So that big break that I needed to kind of pause my intellectual career, take the math and embrace some reductionism, some oversimplification for a while. I think that turned out to be a really positive part of my intellectual journey. And when I was in grad school economists were taking more interest in trying to explain why some countries were richer than others. Cause it was getting easier to collect all this cross country data, not just from 10 or 20 or 30 rich countries, but from middle income and lower poorer countries. And the data was getting more reliable by the year. So I sort of watched that data building up, but in the back of my head, what I thought was, I don't really need to, I don't really need to do research into why some nations are richer than others because more or less, Adam Smith was right when he said that all you need for a nation to go from port to rich is peace, easy taxes, and a tolerable administration of justice. And at least two of the three of those are totally outside the purview of economics, at least peace and a tolerable administration of justice, right. And I thought most of the wealth of nation stuff is gonna be some other field's job. Like we economists aren't gonna be very good at that. So that's part of the reason I held off on it at the beginning.
But later on as I spent my time in the Senate and as like a lot of economists in that era, I got more bored by monetary economics cause we were just kind of convinced it didn't matter that much. And we seemed like we had solved a lot of problems. It seemed like, I decided to go back in. I want to explain why some countries are richer than others. I wanna see what's going on with this line of research. And around that time is when Joel Schneider, the psychologist, got in touch with me and told me about this data set of cross country IQ scores that were very, they were flawed and imperfect and we always talked about that in our research, but they correlated really well with a smaller set of international math, science and literacy scores that other researchers had come up with. And so I thought, you know, a whole lot of data in economics is flawed and imperfect, and let's see if we can do some research with this flawed and imperfect data. And that got us thinking about how generalized mental skills, standardized as measured by standardized tests seemed to capture something that really was important for modern prosperity.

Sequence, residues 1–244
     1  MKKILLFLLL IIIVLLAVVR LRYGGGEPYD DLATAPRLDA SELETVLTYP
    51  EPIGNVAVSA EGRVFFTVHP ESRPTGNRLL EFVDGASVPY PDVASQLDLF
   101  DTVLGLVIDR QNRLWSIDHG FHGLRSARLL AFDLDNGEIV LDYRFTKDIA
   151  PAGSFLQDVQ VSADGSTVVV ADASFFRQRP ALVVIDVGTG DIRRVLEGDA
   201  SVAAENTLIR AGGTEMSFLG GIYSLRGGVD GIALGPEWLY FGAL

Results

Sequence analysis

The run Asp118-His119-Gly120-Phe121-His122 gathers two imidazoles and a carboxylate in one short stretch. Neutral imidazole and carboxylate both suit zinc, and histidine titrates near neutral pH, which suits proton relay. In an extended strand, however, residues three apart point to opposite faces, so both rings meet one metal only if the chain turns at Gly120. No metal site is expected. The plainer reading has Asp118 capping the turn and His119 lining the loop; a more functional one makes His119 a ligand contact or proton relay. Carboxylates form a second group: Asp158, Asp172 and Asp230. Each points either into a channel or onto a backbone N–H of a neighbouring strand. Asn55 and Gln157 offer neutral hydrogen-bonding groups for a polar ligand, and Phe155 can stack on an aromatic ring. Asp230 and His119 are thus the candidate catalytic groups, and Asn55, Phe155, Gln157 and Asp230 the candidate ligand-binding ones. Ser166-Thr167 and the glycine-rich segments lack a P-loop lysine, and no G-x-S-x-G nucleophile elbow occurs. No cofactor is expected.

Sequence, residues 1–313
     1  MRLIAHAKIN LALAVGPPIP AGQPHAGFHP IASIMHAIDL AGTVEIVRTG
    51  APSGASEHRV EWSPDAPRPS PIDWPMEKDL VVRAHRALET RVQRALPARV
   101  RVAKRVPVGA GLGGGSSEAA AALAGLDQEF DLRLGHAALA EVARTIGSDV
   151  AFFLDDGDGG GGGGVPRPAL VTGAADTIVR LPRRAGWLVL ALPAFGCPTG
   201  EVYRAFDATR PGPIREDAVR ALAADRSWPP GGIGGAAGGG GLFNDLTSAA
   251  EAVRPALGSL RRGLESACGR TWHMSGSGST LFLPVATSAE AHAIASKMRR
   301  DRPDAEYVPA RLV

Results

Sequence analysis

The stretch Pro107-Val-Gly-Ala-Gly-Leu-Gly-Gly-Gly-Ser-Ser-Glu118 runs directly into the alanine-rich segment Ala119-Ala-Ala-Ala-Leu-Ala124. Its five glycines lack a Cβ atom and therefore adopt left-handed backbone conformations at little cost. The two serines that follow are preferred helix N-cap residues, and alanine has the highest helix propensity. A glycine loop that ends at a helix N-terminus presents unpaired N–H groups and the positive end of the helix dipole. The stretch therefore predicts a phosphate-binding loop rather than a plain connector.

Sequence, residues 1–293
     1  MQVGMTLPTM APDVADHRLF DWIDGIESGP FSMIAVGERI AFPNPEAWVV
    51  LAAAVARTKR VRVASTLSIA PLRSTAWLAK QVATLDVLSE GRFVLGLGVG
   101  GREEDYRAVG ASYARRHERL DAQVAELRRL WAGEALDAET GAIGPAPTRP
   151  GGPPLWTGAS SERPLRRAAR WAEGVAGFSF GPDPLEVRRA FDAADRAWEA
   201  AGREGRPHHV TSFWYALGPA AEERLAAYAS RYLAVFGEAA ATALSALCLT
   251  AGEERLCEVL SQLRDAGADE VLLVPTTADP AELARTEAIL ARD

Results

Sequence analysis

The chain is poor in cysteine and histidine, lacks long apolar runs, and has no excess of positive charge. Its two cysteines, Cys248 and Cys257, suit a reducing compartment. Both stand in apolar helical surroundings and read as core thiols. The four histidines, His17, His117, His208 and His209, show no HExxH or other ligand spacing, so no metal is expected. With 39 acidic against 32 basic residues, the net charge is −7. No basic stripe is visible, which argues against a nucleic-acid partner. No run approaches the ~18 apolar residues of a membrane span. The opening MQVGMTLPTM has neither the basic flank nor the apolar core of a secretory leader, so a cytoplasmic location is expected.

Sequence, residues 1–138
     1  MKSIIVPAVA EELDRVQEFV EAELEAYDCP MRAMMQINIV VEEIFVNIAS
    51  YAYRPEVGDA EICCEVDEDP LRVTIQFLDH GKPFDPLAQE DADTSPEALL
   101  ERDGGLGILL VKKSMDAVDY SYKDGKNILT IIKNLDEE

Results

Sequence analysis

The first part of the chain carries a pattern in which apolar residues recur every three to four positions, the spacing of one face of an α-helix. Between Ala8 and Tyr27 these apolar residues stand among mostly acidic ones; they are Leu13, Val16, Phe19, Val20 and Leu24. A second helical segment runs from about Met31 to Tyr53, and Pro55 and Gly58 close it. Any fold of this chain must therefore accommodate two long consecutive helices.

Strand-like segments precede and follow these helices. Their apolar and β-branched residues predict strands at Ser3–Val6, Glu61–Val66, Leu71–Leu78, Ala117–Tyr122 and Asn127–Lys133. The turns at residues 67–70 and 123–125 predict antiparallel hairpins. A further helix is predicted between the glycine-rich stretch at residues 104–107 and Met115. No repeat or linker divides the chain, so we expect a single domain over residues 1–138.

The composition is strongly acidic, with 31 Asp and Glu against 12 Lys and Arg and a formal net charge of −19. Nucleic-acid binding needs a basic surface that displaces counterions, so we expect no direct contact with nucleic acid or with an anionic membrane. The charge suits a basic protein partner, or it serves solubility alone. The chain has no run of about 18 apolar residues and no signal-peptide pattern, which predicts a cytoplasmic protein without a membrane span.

Basically, running a modern economy means solving a lot of little puzzles. So a lot of the things that we find difficult in IQ tests are actually something that shows up in running a small business, in coming to political bargains and solving an engineering problem. When you're trying to fix a bridge and you're not quite sure what's wrong with it, you know, as one psychologist says, intelligence is what you need when you don't know what you need. It helps a little bit everywhere. And I saw a lot of little signs in economic research that suggested that, that general mental set of skills was gonna pay off a lot. And that got me going down that path of realizing that there was a payoff here. And the, finding that I'm most excited to buy, which has been replicated by other people since then is that, smarter groups on average are more cooperative.
Simple crude imperfect IQ tests are good predictors of group cooperation. So smarter individuals are not more cooperative, they're actually more Machiavelli in it, if anything, in experimental settings. But when you put teams of smarter people together as measured by IQ tests, they seem to cooperate more and grow the pie rather than sort of try to stab each other in the back in order to grab a bigger slice of the pie. I think that's a pretty important finding cause the foundations of trust of cooperation of trying to grow the pie rather than fighting over the size of the slices. That's a big part of explaining where prosperity has come from over the centuries, and I'm glad I can make a small contribution to that.
David Elikwu: Okay. That makes a lot of sense. And that's a really interesting finding, and I know that you've come across some other ones that you talk about in Hive Mind, for example. I'm thinking of, there's quite a few things. First of all, just the drastic difference in the impact when you look at the top 10 countries and the bottom 10 countries economically and how that correlates with IQ score. But then also I think you also talk about, I think it's almost a difference to the power of six of the difference between, let's say an individual's correlation with their salary or their wages and then on a larger scale the country's correlation.